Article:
A decade-long effort to straighten out the state's finances has finally paid off for Sen. David Shafer.
The Republican from Duluth has been steadfast in his work to have the state adopt a zero-based budgeting measure, which would call for every budgeted item to be justified, instead of just new expenditures.
On Monday, Gov. Nathan Deal signed the idea into law.
"I applaud Gov. Deal, not just for signing the bill but for his leadership in voluntarily implementing zero based budgeting," Shafer said in a press release. "This tool is already being used to identify unnecessary spending and ensure that tax dollars are being used wisely."
Shafer first introduced his zero-based budgeting bill when he joined the Senate in 20003.
Currently, the state budget presented to lawmakers only details new expenditures, with other spending programs rolled over and called "continuation." But Shafer's bill now requires an eighth of the budget to be rebuilt from scratch each year, the press release said.
"The entire budget should be periodically rejustified. What was needed one year may not be needed the next year -- or the next decade," Shafer said. "Zero-based budgeting will help lawmakers be better stewards of the budget."
For their grassroots efforts in supporting the bill, Shafer also thanked members of Americans for Prosperity, Republican Liberty Caucus of Georgia, Libertarian Party of Georgia and Atlanta Tea Party.
Local elections official to review law
Gwinnett's elections director was named to a six-person committee slated to review the Georgia Election Code.
Secretary of State Brian Kemp announced Monday the formation of the review committee to propose clarifications and technical changes to the code, originally enacted in 1964.
Gwinnett's Lynn Ledford will work along with Kemp, Beth Kish of Cobb's elections department and Ann Hicks, former director of the State Elections Division. Also on the committee are Mike Jablonski and Anne Lewis, attorneys for the state Democratic Party and GOP, respectively.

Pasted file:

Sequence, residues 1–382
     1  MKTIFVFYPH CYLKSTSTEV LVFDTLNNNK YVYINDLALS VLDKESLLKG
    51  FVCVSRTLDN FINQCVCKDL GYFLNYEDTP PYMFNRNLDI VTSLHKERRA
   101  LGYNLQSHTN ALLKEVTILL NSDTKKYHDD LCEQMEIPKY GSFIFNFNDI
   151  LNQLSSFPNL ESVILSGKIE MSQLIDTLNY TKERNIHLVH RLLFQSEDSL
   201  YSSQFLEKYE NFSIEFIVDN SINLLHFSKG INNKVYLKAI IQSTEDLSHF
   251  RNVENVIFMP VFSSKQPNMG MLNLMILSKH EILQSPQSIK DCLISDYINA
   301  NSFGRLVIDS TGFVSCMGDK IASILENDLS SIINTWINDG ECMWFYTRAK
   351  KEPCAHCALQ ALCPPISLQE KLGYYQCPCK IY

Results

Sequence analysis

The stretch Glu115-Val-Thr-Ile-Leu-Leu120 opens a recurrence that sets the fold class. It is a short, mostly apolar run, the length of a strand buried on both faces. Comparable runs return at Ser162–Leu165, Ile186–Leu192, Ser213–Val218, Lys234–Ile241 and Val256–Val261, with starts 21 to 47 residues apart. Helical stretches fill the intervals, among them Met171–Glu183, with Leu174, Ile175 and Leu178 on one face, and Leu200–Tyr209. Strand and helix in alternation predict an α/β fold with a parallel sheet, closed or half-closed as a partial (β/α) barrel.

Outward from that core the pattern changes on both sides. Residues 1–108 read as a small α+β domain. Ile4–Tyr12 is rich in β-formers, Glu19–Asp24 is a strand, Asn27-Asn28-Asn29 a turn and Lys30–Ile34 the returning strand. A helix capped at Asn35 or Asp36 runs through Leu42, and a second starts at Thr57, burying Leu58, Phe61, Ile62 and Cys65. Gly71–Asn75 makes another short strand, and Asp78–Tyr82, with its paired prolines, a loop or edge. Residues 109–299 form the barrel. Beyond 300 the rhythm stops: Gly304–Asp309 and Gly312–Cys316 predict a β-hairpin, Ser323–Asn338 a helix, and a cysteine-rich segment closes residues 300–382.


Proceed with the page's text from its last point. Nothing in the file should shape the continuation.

"Georgia has taken tremendous steps to implement numerous safeguards and voting opportunities that make our elections among the most secure and accessible in the country," Kemp said in a press release. "Though we are proud of the progress we have made to secure our elections and make improvements in the process, I know there are always opportunities to improve our elections processes at all levels of government."
The committee is expected to begin its work this month, with hopes of proposed a revised code in 2013. Members will seek input from the governor's and attorney general's offices, as well as House and Senate leadership and legislative counsel, the release said.
"One of my key responsibilities as Georgia's secretary of state is to ensure the highest degrees of fairness, access, security and transparency in a non-partisan manner in all of our elections processes," Kemp said. "I look forward to working with the committee to rewrite and simplify the state election code so that everybody can have a clear understanding of the law."
Political Notebook appears in the Thursday and Sunday editions of the Gwinnett Daily Post.
Camie Young can be reached via email at firstname.lastname@example.org.
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